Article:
Category: Medical Academia

The Cleveland Clinic Foundation

Traditional Chinese herbalism at the Cleveland Clinic? What happened to science-based medicine?

Quackademic medicine has taken a bold step forward at The Cleveland Clinic, which has opened a traditional Chinese medicine herbal practice.

/ April 26, 2014

Point-of-Care Ultrasound: The Best Thing Since Stethoscopes?

A bit of good news for a change: a “Perspective” article in the New England Journal of Medicine describes how point-of-care ultrasound devices are being integrated into medical education. The wonders of modern medical technology are akin to science fiction. We don’t yet have a tricorder like “Bones” McCoy uses on Star Trek, but we are heading in that direction, and the...

/ March 25, 2014

A tale of quackademic medicine at the University of Arizona Cancer Center

Quackademic medicine. I love that term, because it succinctly describes the infiltration of pseudoscientific medicine into medical academia. As I’ve said many times, I wish I had been the one to coin the phrase, but I wasn’t. To the best of my ability to determine, I first picked it up from Dr. R. W. Donnell back in 2008 and haven’t been able...

/ March 17, 2014

An update on the case of Sarah Hershberger: Parental rights trump the right of a child with cancer to live

Five weeks ago, when last I touched on the case of Sarah Hershberger, the now 11-year-old Amish girl from Medina County, Ohio near Akron with lymphoblastic lymphoma whose parents had taken her off of chemotherapy after only two rounds, reports had been coming out of the cancer quackery underground that Sarah’s parents, Andy and Anna Hershberger, had fled to avoid a court...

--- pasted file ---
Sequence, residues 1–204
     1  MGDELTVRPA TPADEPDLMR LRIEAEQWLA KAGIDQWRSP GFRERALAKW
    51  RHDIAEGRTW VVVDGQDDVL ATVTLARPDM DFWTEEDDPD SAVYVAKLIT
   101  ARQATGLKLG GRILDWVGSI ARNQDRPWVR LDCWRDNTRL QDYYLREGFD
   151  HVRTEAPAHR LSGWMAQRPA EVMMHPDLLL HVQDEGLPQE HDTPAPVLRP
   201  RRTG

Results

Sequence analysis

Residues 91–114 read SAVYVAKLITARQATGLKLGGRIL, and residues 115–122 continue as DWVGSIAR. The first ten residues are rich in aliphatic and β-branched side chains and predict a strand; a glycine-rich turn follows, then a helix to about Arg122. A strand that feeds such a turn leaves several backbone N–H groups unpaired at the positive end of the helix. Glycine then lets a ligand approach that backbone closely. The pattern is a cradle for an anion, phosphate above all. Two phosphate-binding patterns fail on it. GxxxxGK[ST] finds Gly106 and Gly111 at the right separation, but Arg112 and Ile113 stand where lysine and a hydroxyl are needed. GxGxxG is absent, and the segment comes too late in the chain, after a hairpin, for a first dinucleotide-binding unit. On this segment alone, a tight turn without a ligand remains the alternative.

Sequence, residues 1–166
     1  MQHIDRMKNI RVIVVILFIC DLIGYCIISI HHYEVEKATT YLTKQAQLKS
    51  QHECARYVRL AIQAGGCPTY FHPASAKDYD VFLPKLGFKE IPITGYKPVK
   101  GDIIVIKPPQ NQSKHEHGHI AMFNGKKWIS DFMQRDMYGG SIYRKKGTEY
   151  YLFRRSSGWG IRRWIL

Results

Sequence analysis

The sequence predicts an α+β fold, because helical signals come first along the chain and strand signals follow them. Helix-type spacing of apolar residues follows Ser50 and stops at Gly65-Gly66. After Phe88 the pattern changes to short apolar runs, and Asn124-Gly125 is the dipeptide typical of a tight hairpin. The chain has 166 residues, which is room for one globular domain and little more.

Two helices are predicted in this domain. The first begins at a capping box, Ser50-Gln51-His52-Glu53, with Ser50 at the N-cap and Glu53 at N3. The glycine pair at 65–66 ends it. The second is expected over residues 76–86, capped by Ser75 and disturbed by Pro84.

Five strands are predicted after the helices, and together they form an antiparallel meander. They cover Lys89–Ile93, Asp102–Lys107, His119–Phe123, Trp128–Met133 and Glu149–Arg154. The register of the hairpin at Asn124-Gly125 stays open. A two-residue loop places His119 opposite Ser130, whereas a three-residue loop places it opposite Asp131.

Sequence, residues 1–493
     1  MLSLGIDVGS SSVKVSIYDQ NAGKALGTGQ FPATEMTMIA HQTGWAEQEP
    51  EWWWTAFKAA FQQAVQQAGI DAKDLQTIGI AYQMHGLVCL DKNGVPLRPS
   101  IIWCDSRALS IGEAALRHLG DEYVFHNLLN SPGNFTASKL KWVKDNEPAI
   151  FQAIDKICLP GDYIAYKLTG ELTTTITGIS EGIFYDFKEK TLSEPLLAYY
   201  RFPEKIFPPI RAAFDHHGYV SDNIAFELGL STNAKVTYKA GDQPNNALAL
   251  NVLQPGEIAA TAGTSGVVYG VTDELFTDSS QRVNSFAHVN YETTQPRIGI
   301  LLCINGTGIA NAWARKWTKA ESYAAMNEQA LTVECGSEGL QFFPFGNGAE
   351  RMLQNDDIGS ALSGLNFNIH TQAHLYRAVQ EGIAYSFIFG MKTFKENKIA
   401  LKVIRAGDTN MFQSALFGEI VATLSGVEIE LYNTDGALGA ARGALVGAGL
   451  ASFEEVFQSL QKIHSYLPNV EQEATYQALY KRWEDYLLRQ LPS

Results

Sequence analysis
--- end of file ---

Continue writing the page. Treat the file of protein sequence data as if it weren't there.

/ December 9, 2013

Integrative Medicine’s Collateral Damage

Integrative medicine combines the practice of medicine with alternative medicine. Proponents tend to take a paragraph or two to say this, but that is what remains when boiled down to its essence. By putting this more concise definition together with Tim Minchin’s often-quoted observation about alternative medicine, you get: integrative medicine is the practice of medicine combined with medicine that either has...

/ October 17, 2013

The future of “integrative medicine” is too close for comfort

I was the other day. I’ve been on vacation this week (staycation, actually, as I stayed at home and didn’t go on any trips); so you would think it would take a lot to depress me. Unfortunately, today is the last day of that vacation; so the thought of diving back into the fray trying to fund my lab. It didn’t help...

/ September 2, 2013

The Trojan Horse called Integrative Medicine arrives at another medical school

Medicine is a collaborative practice. Hospitals are the best example, where dozens of different health professionals work cooperatively, sharing responsibilities for patient care. Teamwork is essential, and that’s why health professionals obtain a large part of their education on the job, in teaching (academic) hospitals. The only way that all of these different professions are able to work together effectively is that...

/ August 29, 2013
Test Tubes

The difference between science-based medicine and CAM

There is a huge difference between science-based medicine (SBM) and so-called "complementary and alternative medicine" (CAM) or, as it's increasingly called, "integrative medicine." That difference is that SBM changes with new science. The change might be messier and slower than we would like, but eventually science and evidence win out.

/ July 29, 2013

On humility, confidence, and science-based surgery

Every so often, the reality of trying to maintain a career in science-based medicine interferes with the fun that is writing for this blog. Basically, what happened is that I spent the entire weekend working on three different grant applications and, by the time Sunday night rolled around, I was too exhausted to write what I had originally planned on writing. Fortunately,...

/ June 24, 2013
andrew-weil

AAFP CME Program Succumbs to “Integrative Medicine”

For many years I have been using Continuing Medical Education (CME) programs offered by the American Academy of Family Physicians (AAFP). The FP Essentials program consists of a monthly monograph with a post-test that can be submitted electronically for 5 hours of CME credit. Over a 9-year cycle, a complete family medicine curriculum is covered to prepare participants for the re-certification board...

/ April 2, 2013